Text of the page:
The standard root partition (indicated with a single forward slash, /) is about 100-500 MB, and contains the system configuration files, most basic commands and server programs, system libraries, some temporary space and the home directory of the administrative user. A standard installation requires about 250 MB for the root partition.
Swap space (indicated with swap) is only accessible for the system itself, and is hidden from view during normal operation. Swap is the system that ensures, like on normal UNIX systems, that you can keep on working, whatever happens. On Linux, you will virtually never see irritating messages like Out of memory, please close some applications first and try again, because of this extra memory. The swap or virtual memory procedure has long been adopted by operating systems outside the UNIX world by now.
Using memory on a hard disk is naturally slower than using the real memory chips of a computer, but having this little extra is a great comfort. We will learn more about swap when we discuss processes in Chapter 4.
Linux generally counts on having twice the amount of physical memory in the form of swap space on the hard disk. When installing a system, you have to know how you are going to do this. An example on a system with 512 MB of RAM:
1st possibility: one swap partition of 1 GB
2nd possibility: two swap partitions of 512 MB
3rd possibility: with two hard disks: 1 partition of 512 MB on each disk.
The last option will give the best results when a lot of I/O is to be expected.
Read the software documentation for specific guidelines. Some applications, such as databases, might require more swap space. Others, such as some handheld systems, might not have any swap at all by lack of a hard disk. Swap space may also depend on your kernel version.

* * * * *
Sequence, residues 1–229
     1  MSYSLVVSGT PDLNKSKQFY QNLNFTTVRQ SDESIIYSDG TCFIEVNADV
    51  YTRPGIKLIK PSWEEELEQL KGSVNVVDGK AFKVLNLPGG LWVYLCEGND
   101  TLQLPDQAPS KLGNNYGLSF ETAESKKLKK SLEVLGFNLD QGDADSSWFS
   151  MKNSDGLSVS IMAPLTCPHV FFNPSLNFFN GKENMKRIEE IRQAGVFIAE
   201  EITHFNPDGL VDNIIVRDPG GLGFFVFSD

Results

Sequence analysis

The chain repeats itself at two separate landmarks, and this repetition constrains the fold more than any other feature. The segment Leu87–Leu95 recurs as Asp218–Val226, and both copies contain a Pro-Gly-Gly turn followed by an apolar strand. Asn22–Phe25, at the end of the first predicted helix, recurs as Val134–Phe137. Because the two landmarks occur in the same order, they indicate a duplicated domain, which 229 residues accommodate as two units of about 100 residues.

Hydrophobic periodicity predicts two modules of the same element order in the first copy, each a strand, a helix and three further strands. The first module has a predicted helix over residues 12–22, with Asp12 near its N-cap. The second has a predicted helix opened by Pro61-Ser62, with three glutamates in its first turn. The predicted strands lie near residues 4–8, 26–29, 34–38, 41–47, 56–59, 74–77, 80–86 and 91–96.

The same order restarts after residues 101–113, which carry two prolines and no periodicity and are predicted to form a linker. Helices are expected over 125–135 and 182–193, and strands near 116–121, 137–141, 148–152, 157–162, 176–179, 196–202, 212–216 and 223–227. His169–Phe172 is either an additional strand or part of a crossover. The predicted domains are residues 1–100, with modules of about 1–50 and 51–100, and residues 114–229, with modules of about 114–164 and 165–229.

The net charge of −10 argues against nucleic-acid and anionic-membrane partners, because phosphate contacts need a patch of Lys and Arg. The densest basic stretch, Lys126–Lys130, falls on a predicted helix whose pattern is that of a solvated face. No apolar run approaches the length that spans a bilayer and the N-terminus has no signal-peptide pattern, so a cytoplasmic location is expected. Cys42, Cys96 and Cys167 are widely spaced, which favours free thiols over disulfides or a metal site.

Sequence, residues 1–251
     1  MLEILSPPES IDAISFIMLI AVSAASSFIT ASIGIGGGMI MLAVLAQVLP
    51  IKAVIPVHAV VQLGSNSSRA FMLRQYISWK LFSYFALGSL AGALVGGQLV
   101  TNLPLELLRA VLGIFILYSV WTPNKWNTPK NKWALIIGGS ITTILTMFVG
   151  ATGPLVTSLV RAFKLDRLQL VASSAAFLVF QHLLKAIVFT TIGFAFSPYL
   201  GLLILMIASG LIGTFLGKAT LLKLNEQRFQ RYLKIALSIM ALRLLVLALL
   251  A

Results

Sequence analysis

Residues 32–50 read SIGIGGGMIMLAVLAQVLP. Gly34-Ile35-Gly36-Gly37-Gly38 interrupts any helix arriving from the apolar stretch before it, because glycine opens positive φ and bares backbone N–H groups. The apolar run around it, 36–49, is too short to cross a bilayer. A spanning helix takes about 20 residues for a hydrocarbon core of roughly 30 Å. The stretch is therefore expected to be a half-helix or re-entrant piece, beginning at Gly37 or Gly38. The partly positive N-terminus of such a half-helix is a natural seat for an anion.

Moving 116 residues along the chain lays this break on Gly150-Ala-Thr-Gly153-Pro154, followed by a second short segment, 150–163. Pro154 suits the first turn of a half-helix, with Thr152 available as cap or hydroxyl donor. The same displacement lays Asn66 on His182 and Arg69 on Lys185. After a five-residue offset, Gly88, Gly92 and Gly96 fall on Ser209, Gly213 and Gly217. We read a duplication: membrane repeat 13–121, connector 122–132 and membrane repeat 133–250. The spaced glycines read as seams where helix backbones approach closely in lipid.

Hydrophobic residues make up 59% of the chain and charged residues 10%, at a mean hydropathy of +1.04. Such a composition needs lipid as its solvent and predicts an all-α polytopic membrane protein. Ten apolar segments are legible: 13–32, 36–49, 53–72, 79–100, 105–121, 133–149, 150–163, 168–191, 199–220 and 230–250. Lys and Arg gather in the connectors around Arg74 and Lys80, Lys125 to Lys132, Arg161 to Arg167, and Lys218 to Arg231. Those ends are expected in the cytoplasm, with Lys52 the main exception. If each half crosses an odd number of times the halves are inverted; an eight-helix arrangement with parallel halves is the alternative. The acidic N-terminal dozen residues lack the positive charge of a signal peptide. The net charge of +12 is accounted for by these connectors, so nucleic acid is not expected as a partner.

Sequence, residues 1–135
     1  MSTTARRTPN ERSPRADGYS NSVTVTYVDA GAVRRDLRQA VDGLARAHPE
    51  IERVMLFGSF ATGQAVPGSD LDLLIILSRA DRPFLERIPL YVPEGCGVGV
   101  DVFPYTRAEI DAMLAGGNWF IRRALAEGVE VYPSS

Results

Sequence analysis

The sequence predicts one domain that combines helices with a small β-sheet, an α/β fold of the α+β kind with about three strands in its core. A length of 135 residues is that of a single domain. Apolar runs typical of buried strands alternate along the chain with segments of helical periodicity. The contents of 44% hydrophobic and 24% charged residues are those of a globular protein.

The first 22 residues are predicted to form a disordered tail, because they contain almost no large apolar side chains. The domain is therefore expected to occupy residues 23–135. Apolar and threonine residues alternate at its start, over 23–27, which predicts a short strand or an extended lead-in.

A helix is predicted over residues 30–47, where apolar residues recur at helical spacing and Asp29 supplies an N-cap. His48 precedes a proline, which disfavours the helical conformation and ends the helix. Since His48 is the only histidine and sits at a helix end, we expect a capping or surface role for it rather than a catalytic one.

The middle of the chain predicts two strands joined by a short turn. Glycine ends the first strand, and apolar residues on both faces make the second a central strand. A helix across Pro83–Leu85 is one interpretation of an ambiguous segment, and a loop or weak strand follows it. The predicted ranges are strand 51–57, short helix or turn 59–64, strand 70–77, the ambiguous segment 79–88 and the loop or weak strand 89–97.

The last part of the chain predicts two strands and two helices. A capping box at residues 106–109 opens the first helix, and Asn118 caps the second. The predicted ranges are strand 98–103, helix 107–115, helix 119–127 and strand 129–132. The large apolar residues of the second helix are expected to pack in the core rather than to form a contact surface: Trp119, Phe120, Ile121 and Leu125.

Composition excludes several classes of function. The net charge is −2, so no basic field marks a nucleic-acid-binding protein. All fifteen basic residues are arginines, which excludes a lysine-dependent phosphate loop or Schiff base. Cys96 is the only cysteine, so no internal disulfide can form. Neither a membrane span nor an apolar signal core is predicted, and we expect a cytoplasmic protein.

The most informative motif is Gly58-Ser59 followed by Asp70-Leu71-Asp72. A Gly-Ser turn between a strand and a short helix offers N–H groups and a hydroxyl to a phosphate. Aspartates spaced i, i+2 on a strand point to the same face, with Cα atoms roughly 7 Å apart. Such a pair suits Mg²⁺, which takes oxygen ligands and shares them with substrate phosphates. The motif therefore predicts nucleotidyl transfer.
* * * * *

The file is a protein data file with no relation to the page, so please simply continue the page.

The kernel is on a separate partition as well in many distributions, because it is the most important file of your system. If this is the case, you will find that you also have a /boot partition, holding your kernel(s) and accompanying data files.
The rest of the hard disk(s) is generally divided in data partitions, although it may be that all of the non-system critical data resides on one partition, for example when you perform a standard workstation installation. When non-critical data is separated on different partitions, it usually happens following a set pattern:
a partition for user programs (/usr)
a partition containing the users' personal data (/home)
a partition to store temporary data like print- and mail-queues (/var)
a partition for third party and extra software (/opt)
Once the partitions are made, you can only add more. Changing sizes or properties of existing partitions is possible but not advisable.
The division of hard disks into partitions is determined by the system administrator. On larger systems, he or she may even spread one partition over several hard disks, using the appropriate software. Most distributions allow for standard setups optimized for workstations (average users) and for general server purposes, but also accept customized partitions. During the installation process you can define your own partition layout using either your distribution specific tool, which is usually a straight forward graphical interface, or fdisk, a text-based tool for creating partitions and setting their properties.